The Utah Division of Wildlife Resources stocked 20 species of fish in Utah’s waterways. The 2019 count came to more than 10 million.
Stocking fish in Utah has been a practice done throughout the state for more than 100 years. DWR Public Information Officer, Faith Heaton Jolley says it’s partly to make it more fun to fish by having healthy populations. It’s also a conservation management tool for native species.
“We want to make sure anglers have that opportunity to catch fish when they’re going out. But it’s definitely part of the sport aspect also for something [to] kind of balance out some of the fisheries’ environments and ecosystems. And then like I mentioned we stock a lot of these native fish. W e've really tried to bolster the June sucker population since they've been in danger. We put a special interest in making sure that we raised those in our hatcheries, and we restock those to help bolster the population and help them recover.”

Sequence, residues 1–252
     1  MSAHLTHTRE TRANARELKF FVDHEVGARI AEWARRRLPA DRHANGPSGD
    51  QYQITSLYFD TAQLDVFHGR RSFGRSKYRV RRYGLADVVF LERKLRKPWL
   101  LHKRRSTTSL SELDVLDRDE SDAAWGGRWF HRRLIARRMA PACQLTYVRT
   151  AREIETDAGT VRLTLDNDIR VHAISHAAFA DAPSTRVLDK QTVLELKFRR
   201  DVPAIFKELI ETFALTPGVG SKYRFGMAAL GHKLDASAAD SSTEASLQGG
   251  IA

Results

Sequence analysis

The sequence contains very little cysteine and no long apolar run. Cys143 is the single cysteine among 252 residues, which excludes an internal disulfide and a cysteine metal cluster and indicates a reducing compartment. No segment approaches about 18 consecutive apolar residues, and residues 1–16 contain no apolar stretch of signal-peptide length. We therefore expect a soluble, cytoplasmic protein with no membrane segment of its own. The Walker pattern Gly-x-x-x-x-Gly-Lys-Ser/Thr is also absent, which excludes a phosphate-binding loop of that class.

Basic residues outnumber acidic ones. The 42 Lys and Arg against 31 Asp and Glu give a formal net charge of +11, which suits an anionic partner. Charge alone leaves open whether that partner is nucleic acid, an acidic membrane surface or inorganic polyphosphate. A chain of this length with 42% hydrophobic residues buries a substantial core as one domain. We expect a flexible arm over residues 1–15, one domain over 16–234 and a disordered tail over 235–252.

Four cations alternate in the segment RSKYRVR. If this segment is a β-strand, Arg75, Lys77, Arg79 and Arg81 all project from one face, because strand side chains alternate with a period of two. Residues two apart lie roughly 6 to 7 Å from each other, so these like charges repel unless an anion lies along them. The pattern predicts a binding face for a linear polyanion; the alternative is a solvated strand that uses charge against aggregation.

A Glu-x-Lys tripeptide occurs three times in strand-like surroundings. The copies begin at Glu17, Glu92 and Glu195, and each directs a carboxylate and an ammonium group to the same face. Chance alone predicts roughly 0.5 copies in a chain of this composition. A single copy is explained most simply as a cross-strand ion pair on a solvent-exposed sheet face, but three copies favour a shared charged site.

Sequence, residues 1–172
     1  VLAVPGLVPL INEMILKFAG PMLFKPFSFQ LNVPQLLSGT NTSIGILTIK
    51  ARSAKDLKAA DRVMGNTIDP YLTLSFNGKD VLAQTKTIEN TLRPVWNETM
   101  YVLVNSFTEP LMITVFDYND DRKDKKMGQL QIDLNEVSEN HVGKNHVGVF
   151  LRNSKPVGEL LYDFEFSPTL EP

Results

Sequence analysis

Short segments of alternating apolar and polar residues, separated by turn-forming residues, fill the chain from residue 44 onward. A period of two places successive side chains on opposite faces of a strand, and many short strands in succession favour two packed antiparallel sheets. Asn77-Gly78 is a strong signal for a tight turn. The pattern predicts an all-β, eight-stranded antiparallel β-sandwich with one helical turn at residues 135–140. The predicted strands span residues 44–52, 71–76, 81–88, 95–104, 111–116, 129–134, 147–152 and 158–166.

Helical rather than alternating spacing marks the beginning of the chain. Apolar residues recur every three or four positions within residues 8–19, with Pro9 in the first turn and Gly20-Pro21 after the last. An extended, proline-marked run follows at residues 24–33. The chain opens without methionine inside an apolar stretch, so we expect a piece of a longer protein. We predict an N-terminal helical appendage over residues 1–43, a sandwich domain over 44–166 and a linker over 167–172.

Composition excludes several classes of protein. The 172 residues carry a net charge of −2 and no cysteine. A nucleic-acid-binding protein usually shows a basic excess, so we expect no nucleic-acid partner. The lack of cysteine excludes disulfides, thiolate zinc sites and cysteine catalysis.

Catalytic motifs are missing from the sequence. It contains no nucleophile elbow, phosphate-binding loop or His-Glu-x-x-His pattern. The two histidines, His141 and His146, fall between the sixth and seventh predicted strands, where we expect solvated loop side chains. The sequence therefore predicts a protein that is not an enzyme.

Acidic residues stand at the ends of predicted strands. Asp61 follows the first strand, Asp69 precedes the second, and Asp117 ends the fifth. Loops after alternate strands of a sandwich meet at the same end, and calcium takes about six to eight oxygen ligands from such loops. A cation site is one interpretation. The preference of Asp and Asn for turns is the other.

Spring and Fall are the stocking seasons and most of the fish are raised in Utah with a few exceptions. Native cutthroat and rainbow trout species were some of the 20 species of stocked fish this year in Utah waters. Heaton-Jolley says the conservation work is paying off with one of Utah’s endangered fish species.
“We’ve also stocked quite a few other native species. Bony tailed chub, we also stocked more than 30,000 June suckers. That's been in the news a lot recently because they've been an endangered species for a long time. They’re only found in Utah Lake and this last year they were actually proposed to be down listed from endangered to threatened.”
They stock out-of-state warm water sport fish like catfish and large-mouth bass. Blue gill is trucked in from Arkansas. They get artic grayling eggs from Wyoming to raise in Utah’s hatcheries.
“You’re looking for maybe a new species to try and target, or just want to try a different water body. We post whenever we stock, we post those stocking reports on our website as well. But people can check that and kind of see where it's been recently stocked, so to give them kind of that extra boost when they go fishing.
In 2019, they stocked 2 million fish in over 600 local water bodies along the Wasatch Back. Heaton-Jolley says by keeping populations strong, it gives anglers a chance to try fishing for new species in a large variety of places.